Eve Fletcher is a divorced, 46-year old director of a town’s Senior Center. Her only child is off to college, and she’s discovered a lack of…well…just about everything fun in her life. She sets out to “get a life” and does so in some great and some odd ways.
What I Liked
Eve was totally relatable [well, except for the “odd” part mentioned above]. She spent her evenings like I often do–playing Words With Friends, liking friend’s posts on Facebook, looking at fabulous stuff on Instagram and trying not to think about work or what her son could be up to. Her job was realistic, too–not some made for Hollywood thing that no one does or that never pays enough to afford THAT house. She was very real.
Margot’s story was at times cringe-inducing and at other times poignant. I’m still trying to imagine getting to go on a “potty party” with a group of gals out for the evening as a cool, cultural bonding thing. Whatever. We know the origin of Margot’s story well. I thought it was handled well and written in a believeable manner.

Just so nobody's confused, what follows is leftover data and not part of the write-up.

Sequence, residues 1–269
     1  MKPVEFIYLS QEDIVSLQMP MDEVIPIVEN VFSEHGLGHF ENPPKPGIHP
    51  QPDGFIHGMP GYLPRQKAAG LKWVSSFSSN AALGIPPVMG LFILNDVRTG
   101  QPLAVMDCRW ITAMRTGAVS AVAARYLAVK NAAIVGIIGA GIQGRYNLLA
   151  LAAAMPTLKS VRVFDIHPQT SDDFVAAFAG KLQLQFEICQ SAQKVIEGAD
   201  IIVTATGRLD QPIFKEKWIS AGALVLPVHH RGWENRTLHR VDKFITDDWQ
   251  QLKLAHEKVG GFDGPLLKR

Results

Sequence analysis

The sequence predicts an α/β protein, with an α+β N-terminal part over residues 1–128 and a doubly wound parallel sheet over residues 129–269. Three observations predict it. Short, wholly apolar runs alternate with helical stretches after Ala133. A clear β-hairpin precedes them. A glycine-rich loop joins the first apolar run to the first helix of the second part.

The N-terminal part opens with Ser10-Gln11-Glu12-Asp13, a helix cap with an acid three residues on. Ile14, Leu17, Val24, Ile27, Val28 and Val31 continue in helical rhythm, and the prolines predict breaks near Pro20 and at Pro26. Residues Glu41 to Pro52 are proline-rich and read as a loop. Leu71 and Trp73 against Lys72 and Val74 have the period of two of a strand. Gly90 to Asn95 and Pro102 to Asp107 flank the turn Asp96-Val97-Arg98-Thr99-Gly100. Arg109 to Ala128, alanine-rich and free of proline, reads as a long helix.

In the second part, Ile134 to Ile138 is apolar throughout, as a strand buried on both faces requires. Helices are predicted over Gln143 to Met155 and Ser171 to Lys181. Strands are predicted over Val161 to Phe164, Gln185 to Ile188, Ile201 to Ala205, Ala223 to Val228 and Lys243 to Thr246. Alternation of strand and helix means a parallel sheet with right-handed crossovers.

I was also pleasantly surprised that the uber-hip “As sh$-” and “As F**#” were used –were they used? That’s how seldom. Victory for literature on that front.
What I Liked Less
This is not a book for prudes–trust me. Though what I often call the “ick” factor was related to the story and didn’t feel like it had been forced in after the book was finished. It’s a couple of Eve’s “odd’ choice in trying to find fun.
Though I loved the end for both Eve and her son I felt like I fell off a cliff to it. A safe landing, to be sure, but still falling off a cliff.
Was this serious or a send-up? I’ll leave it to you to decided when you read it.
Interesting question posted about the book on Goodreads that I also asked: Why WAS Brendan’s the only story told in first-person?
A good pool or beach read if no one is reading over your shoulder.